Start up Knowledge Series - How to Pitch your Business

Investing in startups is trending. But not all startups are successful in getting the right investment partner for growth. No matter how great an idea, it depends on how start up entrepreneur is able to successfully sell the idea to a potential investor. It is not the idea alone but the smart communication of the saleability of the idea that changes the game. Ideas are to be created on the basis of the research of the market. Before launching the idea or even before pitching it to any investor, you should consider having knowledge of the required legal clearance and other needed aspects, which will detail the investor about your aimed concern. You will be better in presenting the idea with an expert having by your side, such as IBS which provides valuable legal advisory and Company law services in India. This will make your idea look more prepared and ready to execute, which will interest the investor in investing fund.

Raising funds for business can be a daunting task for any wise entrepreneur. Every entrepreneur is likely to face a healthy dose of rejections. In this edition for Start-ups, we will look at broad guidelines and tips that can help a Start-up build a winning business pitch and raise funds for future growth prospects.

Things to note

While the entrepreneur embarks on a mission to garner financial support for his idea, it is pertinent to note some ‘to-dos’ and ‘don’t- dos’ that can impact a business pitch at the initial rounds itself.

  1. Keep short elevator pitch. You need to convey why an investor should love your idea in the first 5 minutes.
  2. Have a well-thought out business plan to share, if investors want to delve into it.
  3. Be thorough with market research. Social page likes don’t translate to no. of users or customers.
  4. Avoid unrealistic promises about profitability, especially in short run as it can turn off investors.
  5. Promoter background and experience could be an advantage but investors want to see a product that can stand on its own. It would be best to avoid leading investors with promoters biography than the idea itself.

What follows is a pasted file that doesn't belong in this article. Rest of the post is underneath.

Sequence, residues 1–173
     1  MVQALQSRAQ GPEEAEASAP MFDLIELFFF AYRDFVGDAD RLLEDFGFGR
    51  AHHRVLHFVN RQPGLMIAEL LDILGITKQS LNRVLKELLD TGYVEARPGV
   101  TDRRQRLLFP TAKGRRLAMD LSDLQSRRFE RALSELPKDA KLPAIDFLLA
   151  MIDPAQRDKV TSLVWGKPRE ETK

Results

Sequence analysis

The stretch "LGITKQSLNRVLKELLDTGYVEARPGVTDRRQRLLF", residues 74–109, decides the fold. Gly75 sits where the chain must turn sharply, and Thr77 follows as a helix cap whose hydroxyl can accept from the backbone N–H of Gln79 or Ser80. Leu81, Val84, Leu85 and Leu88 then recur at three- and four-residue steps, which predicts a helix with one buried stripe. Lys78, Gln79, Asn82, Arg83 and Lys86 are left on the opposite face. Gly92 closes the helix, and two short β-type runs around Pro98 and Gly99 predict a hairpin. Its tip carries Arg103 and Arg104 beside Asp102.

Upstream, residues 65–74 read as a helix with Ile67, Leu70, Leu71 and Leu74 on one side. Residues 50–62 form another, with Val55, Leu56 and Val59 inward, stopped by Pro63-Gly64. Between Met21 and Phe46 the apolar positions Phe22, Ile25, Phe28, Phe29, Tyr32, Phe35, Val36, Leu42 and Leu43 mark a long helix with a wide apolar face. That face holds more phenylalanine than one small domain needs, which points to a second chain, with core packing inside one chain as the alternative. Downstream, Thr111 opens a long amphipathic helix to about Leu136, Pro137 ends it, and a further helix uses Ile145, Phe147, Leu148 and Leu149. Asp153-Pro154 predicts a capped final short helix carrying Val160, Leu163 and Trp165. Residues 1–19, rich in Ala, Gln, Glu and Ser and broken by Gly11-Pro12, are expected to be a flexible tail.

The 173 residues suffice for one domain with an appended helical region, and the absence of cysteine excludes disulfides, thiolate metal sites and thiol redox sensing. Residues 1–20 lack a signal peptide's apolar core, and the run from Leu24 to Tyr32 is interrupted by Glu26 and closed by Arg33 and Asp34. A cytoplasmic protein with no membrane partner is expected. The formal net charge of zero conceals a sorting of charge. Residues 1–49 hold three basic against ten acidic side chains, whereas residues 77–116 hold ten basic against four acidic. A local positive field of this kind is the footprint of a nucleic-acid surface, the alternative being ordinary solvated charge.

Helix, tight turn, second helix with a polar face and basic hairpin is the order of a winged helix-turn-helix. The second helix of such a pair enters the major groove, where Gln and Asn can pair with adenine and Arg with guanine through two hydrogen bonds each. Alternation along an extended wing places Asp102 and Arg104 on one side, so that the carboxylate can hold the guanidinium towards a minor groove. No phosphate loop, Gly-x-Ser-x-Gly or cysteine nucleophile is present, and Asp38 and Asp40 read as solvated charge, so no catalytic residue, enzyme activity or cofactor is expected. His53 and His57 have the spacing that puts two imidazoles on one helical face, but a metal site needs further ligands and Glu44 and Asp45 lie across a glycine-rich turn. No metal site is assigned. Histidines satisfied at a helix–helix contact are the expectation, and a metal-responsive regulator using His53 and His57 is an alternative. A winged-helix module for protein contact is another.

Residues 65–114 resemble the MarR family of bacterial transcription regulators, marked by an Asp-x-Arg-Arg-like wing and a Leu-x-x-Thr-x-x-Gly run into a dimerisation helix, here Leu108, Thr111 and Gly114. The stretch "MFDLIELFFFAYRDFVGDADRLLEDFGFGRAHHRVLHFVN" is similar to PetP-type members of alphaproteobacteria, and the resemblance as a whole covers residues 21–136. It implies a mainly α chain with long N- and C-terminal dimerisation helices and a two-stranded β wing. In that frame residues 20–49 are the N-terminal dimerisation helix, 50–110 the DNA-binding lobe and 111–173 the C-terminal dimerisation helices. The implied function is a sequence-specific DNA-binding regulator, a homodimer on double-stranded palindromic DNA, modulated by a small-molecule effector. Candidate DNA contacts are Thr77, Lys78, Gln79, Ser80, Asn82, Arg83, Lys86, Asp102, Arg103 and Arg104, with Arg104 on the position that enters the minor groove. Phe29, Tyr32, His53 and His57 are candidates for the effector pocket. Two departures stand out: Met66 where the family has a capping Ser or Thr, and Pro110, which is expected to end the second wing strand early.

6. Above all, you need to be well-versed with your product and plan and what you are communicating to the investors

With all these points to consider, you will always need to end the pitch with a cherry on the top, that means you need to give the investor something more that appeal to them. You will need to plan the structure of your Business and the incorporation of the same by taking into consideration the location of Business placement. Firms such as IBS India, work closely with these requirements by providing Business structuring services and incorporation of the company in India. IBS also works to design Startup Business Contracts and CFO services in India, that secures your Business in the market.

What investors look for in your pitch deck

Investors initially want to know what the start-up is all about and whether it needs to be taken to the next level of discussions. Thus, the purpose of any pitch deck is to stimulate interest and not to bludgeon the investor about every aspect of the start up. Keeping this in mind, the recommended number of slides for a pitch deck would be 10 and can be stretched to a maximum of 15 slides if required. This limit will help organize the thoughts and focus on the absolute essentials for the pitch deck.

Ensure your pitch covers the following:

  1. Title slide that gives the company details.
  2. Problem areas/opportunity that the product seeks to address
  3. Value Proposition of your idea – This could also include the secret sauce or the magic of your idea. Best demonstrated with pictures or prototype, if available.
  4. Business Model
  5. Marketing Plan
  6. Competitive landscape
  7. Management Team
  8. Financial Projections and key metrics. If you are the ideation stage, potential revenues to be shown backed with through market research
  9. Current status and Accomplishments to date
  10. Funding needs

Start-up entrepreneurs should remember that investors in all probability expect the idea to be similar or a derivate of the many ideas that they come across in the course of their business. The purpose of the pitch is to, therefore present the investor with something they’d like to see. Nothing can be more frustrating for the investor than to be stuck listening to someone without a well-thought out plan. The goal is for the investor to be convinced that he gains from the new venture or partnership. In the end, it is all about – What's’ in it for me?

This article is authored by A. Loganathan, representing India Business Solutions (IBS) which is a boutique advisory firm helping a lot of Start-ups in India and Singapore in fulfilling their aspirations. Loganathan is heading the Singapore operations of IBS and can be reached on Website: